What is natural language processing?
In computer science, natural language processing (NLP) is the ability of artificial intelligence (AI) products and services to add context and derive meaning from human speech or written text, using statistical methods and machine learning algorithms.
While more basic speech-to-text software can transcribe the things we say into the written word, things start and stop there without the addition of computational linguistics and NLP. Natural language processing goes one step further by being able to parse tricky terminology and phrasing, and extract more abstract qualities – like sentiment – from the message.
The way we speak and write is fascinatingly complex, but our brains are great at understanding the meaning and intent behind someone’s words – even if things are spelled wrong, come amid a flurry of ‘um‘s and ‘ah‘s, or are delivered in a roundabout way.
Natural language processing software can mimic the steps our brains naturally take to discern meaning and context.
How does Natural language processing work?
Whenever natural language processing attempts to find meaning in text or audio, there are a number of statistical methods, machine learning processes, and language detection tasks happening at once. Here are some of the common ones:
This is where human speech is converted into text. While natural language processing isn’t always required in this step, it helps with unraveling the disorganised way in which we sometimes speak. Note: NLP also works with text-first messages, not just speech.
Tagging and categorising
As part of speech tagging, machine learning detects natural language to sort words into nouns, verbs, etc. This is useful for words that can have several different meanings depending on their use in a sentence. This semantic analysis, sometimes called word sense disambiguation, is used to determine the meaning of a sentence.
Name and entity recognition
These NLP tasks break out things like people’s names, place names, or brands. A process called ‘coreference resolution’ is then used to tag instances where two words refer to the same thing, like ‘Tom/He’ or ‘Car/Volvo’ – or to understand metaphors.
The program will then use natural language understanding and deep learning models to attach emotions and overall positive/negative detection to what’s being said.
What is machine learning?
Simply put, ‘machine learning’ describes a brand of artificial intelligence that uses algorithms to self-improve over time. An AI program with machine learning capabilities can use the data it generates to fine-tune and improve that data collection and analysis in the future.
What is Natural Language Generation?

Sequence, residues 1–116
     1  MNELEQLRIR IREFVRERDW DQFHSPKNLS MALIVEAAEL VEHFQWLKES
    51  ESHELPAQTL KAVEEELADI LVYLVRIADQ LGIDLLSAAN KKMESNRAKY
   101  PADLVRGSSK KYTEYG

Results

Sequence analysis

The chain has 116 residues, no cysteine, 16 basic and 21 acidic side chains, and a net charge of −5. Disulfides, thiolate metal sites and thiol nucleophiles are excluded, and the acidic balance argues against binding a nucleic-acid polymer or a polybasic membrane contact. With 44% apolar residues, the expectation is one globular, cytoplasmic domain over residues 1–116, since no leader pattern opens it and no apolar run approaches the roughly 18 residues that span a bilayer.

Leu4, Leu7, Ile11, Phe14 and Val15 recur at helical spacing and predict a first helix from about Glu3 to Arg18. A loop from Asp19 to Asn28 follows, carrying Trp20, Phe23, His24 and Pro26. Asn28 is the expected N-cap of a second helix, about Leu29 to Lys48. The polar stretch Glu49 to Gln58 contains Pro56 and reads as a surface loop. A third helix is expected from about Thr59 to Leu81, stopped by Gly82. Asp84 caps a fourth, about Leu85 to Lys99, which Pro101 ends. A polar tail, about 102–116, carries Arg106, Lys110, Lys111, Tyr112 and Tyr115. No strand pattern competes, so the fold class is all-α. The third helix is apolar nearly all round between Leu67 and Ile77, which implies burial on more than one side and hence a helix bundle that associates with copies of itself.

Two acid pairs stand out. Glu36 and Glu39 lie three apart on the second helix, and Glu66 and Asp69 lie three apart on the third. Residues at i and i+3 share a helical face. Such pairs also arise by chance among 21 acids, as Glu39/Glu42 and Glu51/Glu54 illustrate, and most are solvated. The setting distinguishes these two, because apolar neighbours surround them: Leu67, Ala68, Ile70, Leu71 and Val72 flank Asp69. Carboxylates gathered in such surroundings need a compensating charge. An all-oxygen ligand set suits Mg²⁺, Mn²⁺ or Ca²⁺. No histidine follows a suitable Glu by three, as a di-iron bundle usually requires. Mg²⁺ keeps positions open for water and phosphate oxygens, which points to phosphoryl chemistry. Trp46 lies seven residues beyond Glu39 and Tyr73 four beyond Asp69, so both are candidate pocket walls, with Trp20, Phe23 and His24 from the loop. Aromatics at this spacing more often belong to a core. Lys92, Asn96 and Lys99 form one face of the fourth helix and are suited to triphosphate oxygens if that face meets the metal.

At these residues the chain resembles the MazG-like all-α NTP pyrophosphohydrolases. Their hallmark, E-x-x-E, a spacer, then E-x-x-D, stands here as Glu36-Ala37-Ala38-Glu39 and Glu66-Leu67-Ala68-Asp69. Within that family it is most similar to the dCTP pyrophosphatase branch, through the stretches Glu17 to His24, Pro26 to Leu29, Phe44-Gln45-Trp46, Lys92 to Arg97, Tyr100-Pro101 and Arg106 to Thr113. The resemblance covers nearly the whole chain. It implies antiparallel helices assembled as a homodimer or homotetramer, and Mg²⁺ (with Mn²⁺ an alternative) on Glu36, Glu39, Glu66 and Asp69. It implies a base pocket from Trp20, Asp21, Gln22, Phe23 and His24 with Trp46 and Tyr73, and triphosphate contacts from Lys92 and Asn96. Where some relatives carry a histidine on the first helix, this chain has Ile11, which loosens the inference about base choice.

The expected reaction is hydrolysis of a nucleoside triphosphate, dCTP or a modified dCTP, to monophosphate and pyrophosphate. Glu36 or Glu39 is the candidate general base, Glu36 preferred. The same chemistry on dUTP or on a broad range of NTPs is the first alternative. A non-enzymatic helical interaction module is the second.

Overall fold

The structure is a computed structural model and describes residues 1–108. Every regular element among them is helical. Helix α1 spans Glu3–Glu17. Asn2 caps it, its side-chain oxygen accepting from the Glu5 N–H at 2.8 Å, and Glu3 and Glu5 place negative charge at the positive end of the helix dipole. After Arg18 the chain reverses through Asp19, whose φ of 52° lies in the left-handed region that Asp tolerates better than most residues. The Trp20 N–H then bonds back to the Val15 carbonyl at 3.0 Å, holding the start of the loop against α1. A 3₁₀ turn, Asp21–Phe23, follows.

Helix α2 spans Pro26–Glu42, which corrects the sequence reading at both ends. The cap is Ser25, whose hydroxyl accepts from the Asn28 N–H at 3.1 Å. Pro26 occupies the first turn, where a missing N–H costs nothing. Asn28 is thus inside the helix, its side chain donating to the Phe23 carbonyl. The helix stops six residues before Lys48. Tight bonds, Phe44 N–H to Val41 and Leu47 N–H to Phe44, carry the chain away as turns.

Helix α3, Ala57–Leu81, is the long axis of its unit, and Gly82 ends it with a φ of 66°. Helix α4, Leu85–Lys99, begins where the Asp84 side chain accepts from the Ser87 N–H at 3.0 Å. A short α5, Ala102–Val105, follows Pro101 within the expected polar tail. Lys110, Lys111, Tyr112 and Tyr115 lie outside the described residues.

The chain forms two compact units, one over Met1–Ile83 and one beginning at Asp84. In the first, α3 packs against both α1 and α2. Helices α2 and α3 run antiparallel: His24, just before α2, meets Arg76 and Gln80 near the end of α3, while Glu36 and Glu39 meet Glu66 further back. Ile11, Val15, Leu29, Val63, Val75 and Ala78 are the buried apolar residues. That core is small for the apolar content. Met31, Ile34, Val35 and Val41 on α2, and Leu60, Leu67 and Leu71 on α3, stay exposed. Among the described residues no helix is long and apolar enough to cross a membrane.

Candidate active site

Natural Language Generation, otherwise known as NLG, utilises Natural Language Processing to produce written or spoken language from structured and unstructured data. The most common methods of NLG are extractive and abstractive.
An extractive approach takes a large body of text, pulls out sentences that are most representative of key points, and concatenates them to generate a summary of the larger text.
An abstractive approach creates novel text by identifying key concepts and then generating new sentences or phrases that attempt to capture the key points of a larger body of text.
Why is Natural Language Processing important?
Reading through all of this text is next to impossible: assuming that the average person can process 50 items of unstructured data an hour, it would take nearly seven years for one person to read through one million items. So how do you understand and learn from all of this feedback?
Natural Language Processing automates the reading of text using sophisticated speech recognition and human language algorithms. NLP engines are fast, consistent, and programmable, and can identify words and grammar to find meaning in large amounts of text.
Understanding the context behind human language
Most importantly: human language is complicated. And that means that computers need to work harder than we do to ensure that machine translation, speech recognition, and text data make sense.
As an example, can you spot the difference in sentiment between these two sentences:
“The service was outstanding.”
“I have an outstanding balance.”
You probably know, instinctively, that the first one is positive and the second one is a potential issue, even though they both contain the word outstanding at their core.
But without natural language processing, a software program wouldn’t see the difference; it would miss the meaning in the messaging here, aggravating customers and potentially losing business in the process. So there’s huge importance in being able to understand and react to human language.